Sen. Nelson proposes bill to decriminalize marijuana
Published: October 25, 2013
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ST. CROIX - Some 30 to 40 people who gathered for a town hall meeting at Educational Complex on Thursday night either expressed support for Sen. Terrence Nelson's bill to lower penalties for crimes involving marijuana or pushed for outright legalization of the drug.
Nelson made it clear that legalization of marijuana is his ultimate goal and that he views the current bill as a step in that direction.
He hopes to see marijuana legalized in the territory "in the very near future," he said.
"If we don't move soon, we will miss that rising economic wave as it relates to the policy, the legalization of marijuana, ganja, weed," Nelson said. "We need not be afraid of saying these words. We just need to understand that, take it away from that street mentality. Let's take it to the corporate mentality."
The legislation, which is scheduled to be discussed today during a Senate Homeland Security, Justice and Public Safety Committee meeting, would decriminalize the possession of small amounts - up to two ounces - of marijuana, providing for a civil penalty of a $100 fine instead. The citation would be similar to a traffic citation.
The bill also would lower penalties across the board for possessing, selling, distributing and growing marijuana, based on the amount of marijuana involved. In most cases, it would be a misdemeanor.
It also removes marijuana crimes from the class of drug crimes that require mandatory revocation of the perpetrator's drivers licenses and deletes sections of V.I. Code that prohibit marijuana and hashish trafficking and outline the penalties for doing so.
Nelson offered a variety of reasons why he feels the bill is necessary, including that he thinks "a lot of people's lives are being destroyed" because the possession of a small amount of marijuana at this point remains a crime.
He also said that there is evidence that in the United States, the existing drug laws are unevenly applied based on race. The whereas clauses in the 8-page bill note studies showing that even though black and white Americans use marijuana at about the same rate, blacks are more likely to be arrested and go to jail for it than whites.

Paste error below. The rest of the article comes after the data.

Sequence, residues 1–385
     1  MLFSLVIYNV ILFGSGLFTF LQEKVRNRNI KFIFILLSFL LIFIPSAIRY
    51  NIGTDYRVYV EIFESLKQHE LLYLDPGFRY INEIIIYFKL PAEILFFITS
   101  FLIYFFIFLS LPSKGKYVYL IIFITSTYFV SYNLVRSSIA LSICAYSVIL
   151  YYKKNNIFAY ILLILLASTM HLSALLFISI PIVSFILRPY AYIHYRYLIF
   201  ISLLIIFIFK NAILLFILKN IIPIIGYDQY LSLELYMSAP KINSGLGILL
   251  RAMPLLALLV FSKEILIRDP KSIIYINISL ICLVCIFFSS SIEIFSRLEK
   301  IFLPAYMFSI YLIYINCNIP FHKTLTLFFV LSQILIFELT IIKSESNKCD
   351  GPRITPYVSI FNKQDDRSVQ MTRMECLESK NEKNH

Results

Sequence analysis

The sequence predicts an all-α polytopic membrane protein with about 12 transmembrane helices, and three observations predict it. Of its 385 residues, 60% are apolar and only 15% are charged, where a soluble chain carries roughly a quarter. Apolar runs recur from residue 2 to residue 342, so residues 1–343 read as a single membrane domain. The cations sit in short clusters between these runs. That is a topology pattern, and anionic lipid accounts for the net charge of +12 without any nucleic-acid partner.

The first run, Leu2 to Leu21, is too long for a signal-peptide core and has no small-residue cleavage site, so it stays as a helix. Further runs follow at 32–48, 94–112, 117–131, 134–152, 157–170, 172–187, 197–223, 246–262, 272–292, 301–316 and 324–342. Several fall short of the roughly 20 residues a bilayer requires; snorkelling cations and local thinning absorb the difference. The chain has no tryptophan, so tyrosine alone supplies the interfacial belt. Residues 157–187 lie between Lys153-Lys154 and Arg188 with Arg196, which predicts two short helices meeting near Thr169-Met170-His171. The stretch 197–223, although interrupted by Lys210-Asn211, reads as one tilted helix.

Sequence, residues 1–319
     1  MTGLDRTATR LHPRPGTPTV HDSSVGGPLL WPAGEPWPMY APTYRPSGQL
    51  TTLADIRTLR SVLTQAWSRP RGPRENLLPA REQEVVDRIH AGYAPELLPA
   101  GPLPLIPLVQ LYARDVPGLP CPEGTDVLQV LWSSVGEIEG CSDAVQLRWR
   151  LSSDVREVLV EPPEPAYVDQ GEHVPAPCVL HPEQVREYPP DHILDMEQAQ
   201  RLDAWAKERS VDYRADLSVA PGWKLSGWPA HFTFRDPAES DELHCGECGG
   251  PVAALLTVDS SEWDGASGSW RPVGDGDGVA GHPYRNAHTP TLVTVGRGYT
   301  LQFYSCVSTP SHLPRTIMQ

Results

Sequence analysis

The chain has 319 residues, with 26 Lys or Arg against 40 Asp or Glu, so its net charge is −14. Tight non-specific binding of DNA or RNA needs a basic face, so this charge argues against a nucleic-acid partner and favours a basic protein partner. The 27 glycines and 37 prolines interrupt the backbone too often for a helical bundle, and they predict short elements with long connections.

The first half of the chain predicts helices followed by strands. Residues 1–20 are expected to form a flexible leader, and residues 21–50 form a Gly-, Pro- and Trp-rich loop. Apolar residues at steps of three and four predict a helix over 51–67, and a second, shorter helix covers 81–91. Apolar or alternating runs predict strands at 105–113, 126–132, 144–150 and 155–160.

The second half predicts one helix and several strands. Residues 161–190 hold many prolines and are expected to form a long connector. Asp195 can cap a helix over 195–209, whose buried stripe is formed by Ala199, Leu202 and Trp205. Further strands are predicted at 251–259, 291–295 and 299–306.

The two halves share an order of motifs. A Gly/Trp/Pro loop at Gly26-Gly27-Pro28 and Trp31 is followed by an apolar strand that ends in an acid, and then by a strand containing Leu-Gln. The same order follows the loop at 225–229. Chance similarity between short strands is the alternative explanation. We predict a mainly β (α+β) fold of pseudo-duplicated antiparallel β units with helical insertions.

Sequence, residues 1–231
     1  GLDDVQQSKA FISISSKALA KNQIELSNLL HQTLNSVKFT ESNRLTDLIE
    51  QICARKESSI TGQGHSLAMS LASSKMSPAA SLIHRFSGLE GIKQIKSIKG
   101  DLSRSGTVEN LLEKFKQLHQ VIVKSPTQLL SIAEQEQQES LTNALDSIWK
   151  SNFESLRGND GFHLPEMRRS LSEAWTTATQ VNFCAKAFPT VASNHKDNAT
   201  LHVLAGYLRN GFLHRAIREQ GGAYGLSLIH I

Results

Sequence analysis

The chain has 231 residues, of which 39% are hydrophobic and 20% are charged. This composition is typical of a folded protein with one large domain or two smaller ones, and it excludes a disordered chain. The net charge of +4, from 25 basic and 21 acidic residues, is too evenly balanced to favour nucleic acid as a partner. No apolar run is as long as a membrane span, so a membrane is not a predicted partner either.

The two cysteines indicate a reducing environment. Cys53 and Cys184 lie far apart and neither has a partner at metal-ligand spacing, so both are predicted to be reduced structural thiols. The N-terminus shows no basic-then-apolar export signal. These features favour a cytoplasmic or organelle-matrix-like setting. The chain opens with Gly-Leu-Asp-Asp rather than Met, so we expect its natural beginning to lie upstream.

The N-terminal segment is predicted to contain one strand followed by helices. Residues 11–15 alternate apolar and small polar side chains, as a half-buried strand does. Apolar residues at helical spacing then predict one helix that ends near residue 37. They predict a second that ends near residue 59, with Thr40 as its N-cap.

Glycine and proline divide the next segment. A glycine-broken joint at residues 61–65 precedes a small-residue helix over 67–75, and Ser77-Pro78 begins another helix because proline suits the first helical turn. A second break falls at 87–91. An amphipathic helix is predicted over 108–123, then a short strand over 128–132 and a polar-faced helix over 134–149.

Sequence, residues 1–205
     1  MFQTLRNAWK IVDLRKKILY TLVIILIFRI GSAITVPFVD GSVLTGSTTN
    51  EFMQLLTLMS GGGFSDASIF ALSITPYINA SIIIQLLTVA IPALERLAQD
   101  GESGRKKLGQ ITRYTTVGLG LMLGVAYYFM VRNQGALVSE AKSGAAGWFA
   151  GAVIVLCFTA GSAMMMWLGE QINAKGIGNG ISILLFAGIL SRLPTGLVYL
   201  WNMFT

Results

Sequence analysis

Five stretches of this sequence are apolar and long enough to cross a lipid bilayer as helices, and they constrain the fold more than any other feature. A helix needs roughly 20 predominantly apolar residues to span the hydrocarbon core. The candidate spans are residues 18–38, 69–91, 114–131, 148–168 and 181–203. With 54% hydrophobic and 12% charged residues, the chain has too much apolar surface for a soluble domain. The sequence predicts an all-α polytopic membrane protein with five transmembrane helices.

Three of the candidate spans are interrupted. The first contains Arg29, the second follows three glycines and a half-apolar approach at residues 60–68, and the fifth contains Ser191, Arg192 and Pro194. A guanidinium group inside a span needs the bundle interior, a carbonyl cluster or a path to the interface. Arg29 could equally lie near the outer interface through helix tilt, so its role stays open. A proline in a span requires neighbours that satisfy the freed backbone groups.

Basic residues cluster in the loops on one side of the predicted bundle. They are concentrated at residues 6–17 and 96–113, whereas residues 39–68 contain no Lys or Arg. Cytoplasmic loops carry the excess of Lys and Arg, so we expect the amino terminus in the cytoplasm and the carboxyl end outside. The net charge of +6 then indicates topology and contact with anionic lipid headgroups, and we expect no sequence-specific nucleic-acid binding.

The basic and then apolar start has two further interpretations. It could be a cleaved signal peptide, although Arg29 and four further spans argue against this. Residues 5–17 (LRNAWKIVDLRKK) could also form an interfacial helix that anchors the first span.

Nelson also said he believes law enforcement resources could be better used elsewhere.
Joanne Naughton of Law Enforcement Against Prohibition also spoke, saying that she doesn't think the nation's War on Drugs is working and explaining that she thinks prohibition of all drugs needs to end. Then the small audience scattered through the Complex auditorium was allowed to speak up.
Eurman Fahie applauded the bill as a first step and said that he thinks there should be no fine for possession of a small amount of marijuana.
"If you got two ounce or less, you should be able to walk the street - I don't smoke - but you should be able to walk the street and smoke it free," he said, adding that it's legal to walk the street drinking rum or smoking cigarettes.
Ariela Hayes raised questions about some ambiguities she sees in the legislation, and said she supports the full legalization of marijuana. She encouraged Nelson to take bigger steps, and said if he wants marijuana legalized, he should try to get that put into law.
"We need to run towards this," she said.
Wayne Petersen said that in Jamaica, some tours of marijuana-growing operations are being tolerated, and he raised the question of whether that potential tourist market could exist here.
Former senator Holland Redfield said he supports Nelson's bill, noting that once people get a felony on their record, "it's all over. There's no way they can pull themselves out."
Redfield also pointed out that legalizing marijuana could stimulate the economy.
Khaleeb Sealey told Nelson that the Rastafarians in the territory need laws enacted to protect their religion.
David Clarke, who said he doesn't smoke marijuana, said he does support its legalization - and suggested that marijuana could be a new cash crop for St. Croix, and something it could export. He also suggested it could provide for a new tourist experience.
"What are you waiting on?" he said. "We are broke."
At the committee hearing today, law enforcement officials and others will weigh in on the bill.